Thank you, Alison. And we as a centre have been working with the Sophie Lancaster foundation for the last 10 years or so. And Neil and I’ve heard Sophie’s story countless times from you, from Dana, from Sylvia. And I think Neil would agree it never gets any easier to hear. It’s an incredibly moving story. Thank you very much for sharing it with us. We’ve deliberately named this podcast Hidden Hate because we know that so many of these hostile experiences go under the radar. This feels especially true for those from alternative subcultures. Would you agree?

Alison  10:11

Absolutely. Neil just mentioned very briefly about the dreadful time. I think it’s in a mess, I think was the description you said, and I think we can talk about that in a minute. And I think for all people suffering with hate, it’s a dreadful time. I think when you are in a strand that isn’t monitored and isn’t part of the justice system training and isn’t recognised, that’s really difficult, it makes it harder. After the Law Commission recent review into hate crime, we actually started our own survey, because one of the things they said is there is no evidence that alternative communities are being targeted for hate. Now, we’ve got 15, 16 years of experience of going to events where you can tell me honestly, we know, that’s not the case. On a daily basis, people are getting harassed and abused simply because of what they look like. It’s a demonised group. And people decide they’re bad people, they’re alcoholic, they’re not responsible, all sorts of things. And it means not only do they attack them, it means when they do it, maybe the rest of the society doesn’t actually look at that in the same way. And they think those people if they didn’t look like that, that wouldn’t happen. Because they see, again, another lifestyle choice. I use that phrase quite determined at the moment, we heard quite a lot about lifestyle choices. So we did our own survey to find out what is going on. And we thought we can actually get some empirical data, we’ve we’ve worked with the University of Leicester, with the Hate Crime Studies Unit, and also other universities to find out what’s going on. And our data showed us that 73% of alternative people who suffer from hate crime did not report it. So you don’t get much more hidden than that. The other thing I would say is because actually, it’s not a monitored strand, even when they do report it, there is no data. So that adds to the problem. And also, if you’re actually trying to report something that isn’t a monitored strand, you do get police and the justice system saying it can’t be a hate crime. It’s not a monitored strand. So time and time again, we get thwarted. We’re telling people to report we’re trying to support them in it. But even when they try to, it doesn’t always work. The one thing I would say is the attack was carried out in the park by five boys. Two of those boys were convicted of Sophie’s murder. And the other three, were also charged for the attack on Robert but not on Sophie. But the judge at Sophie’s murder trial did actually recognise that as a hate crime. And he said, I’m perfectly convinced those two innocent young people were attacked simply because they look differently to you and your friends. And him recognising that was enormous, because that sends out signals to the entire community that we see this, and we’re doing something about it. So the fact that Judge Russell recognised that was absolutely huge. And it shows you when the justice system gets it, right, it makes a difference to a community. Yeah.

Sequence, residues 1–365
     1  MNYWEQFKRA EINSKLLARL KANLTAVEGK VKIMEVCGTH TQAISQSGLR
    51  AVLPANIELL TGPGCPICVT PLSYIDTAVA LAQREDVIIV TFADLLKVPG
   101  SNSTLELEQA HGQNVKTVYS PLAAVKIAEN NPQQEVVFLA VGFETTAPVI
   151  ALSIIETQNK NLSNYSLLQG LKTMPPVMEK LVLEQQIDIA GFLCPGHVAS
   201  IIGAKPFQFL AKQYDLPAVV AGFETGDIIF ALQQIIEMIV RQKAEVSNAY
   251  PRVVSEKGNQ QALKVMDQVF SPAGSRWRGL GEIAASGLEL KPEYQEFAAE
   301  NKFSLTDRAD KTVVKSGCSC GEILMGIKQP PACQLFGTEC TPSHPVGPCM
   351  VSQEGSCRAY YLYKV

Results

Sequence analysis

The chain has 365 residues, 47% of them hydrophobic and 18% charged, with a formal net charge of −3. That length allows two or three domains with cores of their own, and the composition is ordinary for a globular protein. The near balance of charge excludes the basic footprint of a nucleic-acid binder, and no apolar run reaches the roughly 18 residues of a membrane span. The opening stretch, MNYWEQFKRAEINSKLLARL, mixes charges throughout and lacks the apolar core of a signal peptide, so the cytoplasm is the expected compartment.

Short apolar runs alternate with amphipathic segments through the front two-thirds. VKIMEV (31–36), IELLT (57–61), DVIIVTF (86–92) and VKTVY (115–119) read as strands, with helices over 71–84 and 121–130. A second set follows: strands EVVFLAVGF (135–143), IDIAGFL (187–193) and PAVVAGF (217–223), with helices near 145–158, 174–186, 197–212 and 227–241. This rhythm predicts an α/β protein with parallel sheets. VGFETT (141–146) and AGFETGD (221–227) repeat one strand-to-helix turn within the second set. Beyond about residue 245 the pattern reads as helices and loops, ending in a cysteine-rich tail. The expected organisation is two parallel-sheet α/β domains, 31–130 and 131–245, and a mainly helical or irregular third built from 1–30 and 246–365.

Amy  13:03

And you touched upon some of the research that your foundation are doing. And you are sort of one of the only hubs that really focus on alternative communities. So you must be a lifeline to a lot of these people, which I think is really wonderful. Do you get a sense from the research that things are getting worse or becoming more normalised in any way?

Alison  13:27